For adventure seekers who love the open road, purchasing a recreational vehicle (RV) is an exciting way to explore the country in comfort and style. However, with price tags ranging from tens of thousands to over $100,000 for high-end motorhomes, RV financing is necessary for most buyers.
In this RV loan guide, we’ll cover every guide to RV loans in 2023, from types of loans and lenders to interest rates, terms, costs, and tips for getting approved. Let’s hit the road to RV ownership!
What is an RV Loan?
An RV loan is a secured loan used specifically to purchase motorhomes, travel trailers, campers, and other recreational vehicles. The RV itself serves as collateral for the loan.
RV loans share similarities with auto loans and mortgages:
- You make a down payment toward the RV price
- A lender finances the remaining amount
- You repay the loan in monthly installments with interest
Like auto loans, RV loan terms typically run 2-10 years. But loans up to 20 years are possible for pricier motorhomes.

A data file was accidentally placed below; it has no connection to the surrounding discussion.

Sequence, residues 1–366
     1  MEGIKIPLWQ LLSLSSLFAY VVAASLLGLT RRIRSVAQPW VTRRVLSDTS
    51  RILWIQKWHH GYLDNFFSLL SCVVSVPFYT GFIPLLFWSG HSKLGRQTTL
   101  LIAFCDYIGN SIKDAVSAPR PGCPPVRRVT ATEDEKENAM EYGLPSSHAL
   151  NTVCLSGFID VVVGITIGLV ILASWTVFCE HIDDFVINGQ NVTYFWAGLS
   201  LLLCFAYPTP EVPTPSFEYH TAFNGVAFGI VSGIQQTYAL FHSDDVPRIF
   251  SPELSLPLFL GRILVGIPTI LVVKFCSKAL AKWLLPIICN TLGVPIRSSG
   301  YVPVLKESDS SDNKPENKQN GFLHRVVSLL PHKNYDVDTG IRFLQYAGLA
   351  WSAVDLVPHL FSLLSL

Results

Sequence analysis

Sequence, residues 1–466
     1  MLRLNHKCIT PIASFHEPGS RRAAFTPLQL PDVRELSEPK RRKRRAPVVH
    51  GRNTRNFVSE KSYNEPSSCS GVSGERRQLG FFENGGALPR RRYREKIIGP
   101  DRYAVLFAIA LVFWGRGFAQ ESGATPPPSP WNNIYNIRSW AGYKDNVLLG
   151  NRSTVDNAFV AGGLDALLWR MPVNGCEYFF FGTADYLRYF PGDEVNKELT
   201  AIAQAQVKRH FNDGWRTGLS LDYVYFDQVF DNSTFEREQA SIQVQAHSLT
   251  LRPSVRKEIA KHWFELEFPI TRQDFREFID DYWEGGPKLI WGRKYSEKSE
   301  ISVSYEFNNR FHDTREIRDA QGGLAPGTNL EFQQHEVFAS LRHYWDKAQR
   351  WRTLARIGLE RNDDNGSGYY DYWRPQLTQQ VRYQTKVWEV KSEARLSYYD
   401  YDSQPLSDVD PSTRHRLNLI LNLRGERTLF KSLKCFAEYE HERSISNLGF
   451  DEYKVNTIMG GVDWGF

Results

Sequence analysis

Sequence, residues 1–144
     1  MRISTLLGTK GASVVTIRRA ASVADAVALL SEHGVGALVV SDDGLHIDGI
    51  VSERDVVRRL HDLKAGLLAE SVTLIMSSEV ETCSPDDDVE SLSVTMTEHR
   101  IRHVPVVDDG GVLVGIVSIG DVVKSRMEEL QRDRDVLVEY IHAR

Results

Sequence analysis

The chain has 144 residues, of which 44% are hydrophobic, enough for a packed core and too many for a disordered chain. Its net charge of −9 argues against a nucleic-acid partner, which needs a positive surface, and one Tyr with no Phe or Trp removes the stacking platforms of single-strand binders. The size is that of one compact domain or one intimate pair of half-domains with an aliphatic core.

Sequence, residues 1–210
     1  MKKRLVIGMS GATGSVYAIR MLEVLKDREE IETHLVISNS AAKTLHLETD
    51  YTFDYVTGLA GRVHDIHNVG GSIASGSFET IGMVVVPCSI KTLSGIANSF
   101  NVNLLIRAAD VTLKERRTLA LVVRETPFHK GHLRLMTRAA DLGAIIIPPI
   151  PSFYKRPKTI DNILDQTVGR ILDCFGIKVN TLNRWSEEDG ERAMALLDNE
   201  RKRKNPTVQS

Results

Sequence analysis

Interest rates, minimum down payments, and borrower eligibility requirements tend to be stricter compared to auto loans since RVs are considered luxury purchases by most lenders. But securing RV-specific financing enables extended terms that make payments affordable.
RV Loan Interest Rates
Interest rates significantly impact your long term costs. RV loan rates primarily depend on your credit score and history.
Here are average RV loan rates as of November 2023 for those with good credit:
- 5-7 year loans: 6% – 9%
- 10-15 year loans: 7% – 11%
- 20+ year loans: 8% – 13%
Online lenders like LendingClub offer RV loan rates as low as 3.99% for the most creditworthy borrowers. Banks offer average rates of 6-12% on RV loans.
Factors that influence your specific RV loan rate offer:
Credit score – The higher your score, the lower your rate. Scores below 600 are often denied.
Loan term – Shorter terms have lower rates. Long terms equal more interest paid over time.
Down payment – Larger down payments earn lower rates by reducing the risk for lenders.
Loan amount – Smaller loans tend to get better rates than large loans.
Loan type – Fixed rates remain the same. Adjustable rates start low but can vary up/down.
Compare rates from multiple lenders to find the most competitive financing option for your needs and budget.
RV Loan Terms to Know
RV loan terms define your borrowing amount, length of repayment, and other key factors. Be aware of these terms when financing your RV:
Loan amount – The total you’ll borrow to cover the RV price minus your down payment.
Interest rate – The annual percentage rate (APR) charged on the amount borrowed.
Loan term – The number of months/years allotted to repay the loan. Usually 10-20 years.
Monthly payments – The consistent payment amount made each month towards principal + interest.